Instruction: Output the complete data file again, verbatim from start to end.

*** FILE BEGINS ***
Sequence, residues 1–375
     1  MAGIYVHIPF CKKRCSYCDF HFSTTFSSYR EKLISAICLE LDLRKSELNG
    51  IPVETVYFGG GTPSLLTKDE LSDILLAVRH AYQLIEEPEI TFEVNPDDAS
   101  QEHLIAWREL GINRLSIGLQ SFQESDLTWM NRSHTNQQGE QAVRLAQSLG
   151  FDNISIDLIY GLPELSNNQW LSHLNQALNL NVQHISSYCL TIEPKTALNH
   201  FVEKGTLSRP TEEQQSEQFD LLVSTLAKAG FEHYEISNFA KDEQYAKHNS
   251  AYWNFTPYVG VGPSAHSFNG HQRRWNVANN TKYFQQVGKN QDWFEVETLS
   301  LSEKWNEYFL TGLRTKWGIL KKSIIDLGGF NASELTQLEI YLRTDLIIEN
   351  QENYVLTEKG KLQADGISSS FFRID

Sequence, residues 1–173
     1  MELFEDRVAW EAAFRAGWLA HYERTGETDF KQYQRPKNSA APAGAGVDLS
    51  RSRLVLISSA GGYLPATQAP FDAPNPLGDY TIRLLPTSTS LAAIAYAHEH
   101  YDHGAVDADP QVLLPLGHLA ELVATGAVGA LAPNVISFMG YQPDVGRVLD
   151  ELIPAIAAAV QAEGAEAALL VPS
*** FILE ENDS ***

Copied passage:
Sequence, residues 1–375
     1  MAGIYVHIPF CKKRCSYCDF HFSTTFSSYR EKLISAICLE LDLRKSELNG
    51  IPVETVYFGG GTPSLLTKDE LSDILLAVRH AYQLIEEPEI TFEVNPDDAS
   101  QEHLIAWREL GINRLSIGLQ SFQESDLTWM NRSHTNQQGE QAVRLAQSLG
   151  FDNISIDLIY GLPELSNNQW LSHLNQALNL NVQHISSYCL TIEPKTALNH
   201  FVEKGTLSRP TEEQQSEQFD LLVSTLAKAG FEHYEISNFA KDEQYAKHNS
   251  AYWNFTPYVG VGPSAHSFNG HQRRWNVANN TKYFQQVGKN QDWFEVETLS
   301  LSEKWNEYFL TGLRTKWGIL KKSIIDLGGF NASELTQLEI YLRTDLIIEN
   351  QENYVLTEKG KLQADGISSS FFRID

Sequence, residues 1–173
     1  MELFEDRVAW EAAFRAGWLA HYERTGETDF KQYQRPKNSA APAGAGVDLS
    51  RSRLVLISSA GGYLPATQAP FDAPNPLGDY TIRLLPTSTS LAAIAYAHEH
   101  YDHGAVDADP QVLLPLGHLA ELVATGAVGA LAPNVISFMG YQPDVGRVLD
   151  ELIPAIAAAV QAEGAEAALL VPS